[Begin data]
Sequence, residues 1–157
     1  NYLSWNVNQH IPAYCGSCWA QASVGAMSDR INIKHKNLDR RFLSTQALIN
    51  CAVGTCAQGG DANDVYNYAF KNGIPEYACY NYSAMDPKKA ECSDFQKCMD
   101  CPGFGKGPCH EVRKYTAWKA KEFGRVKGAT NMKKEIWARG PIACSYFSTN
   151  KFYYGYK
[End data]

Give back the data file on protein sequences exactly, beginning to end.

Sequence, residues 1–157
     1  NYLSWNVNQH IPAYCGSCWA QASVGAMSDR INIKHKNLDR RFLSTQALIN
    51  CAVGTCAQGG DANDVYNYAF KNGIPEYACY NYSAMDPKKA ECSDFQKCMD
   101  CPGFGKGPCH EVRKYTAWKA KEFGRVKGAT NMKKEIWARG PIACSYFSTN
   151  KFYYGYK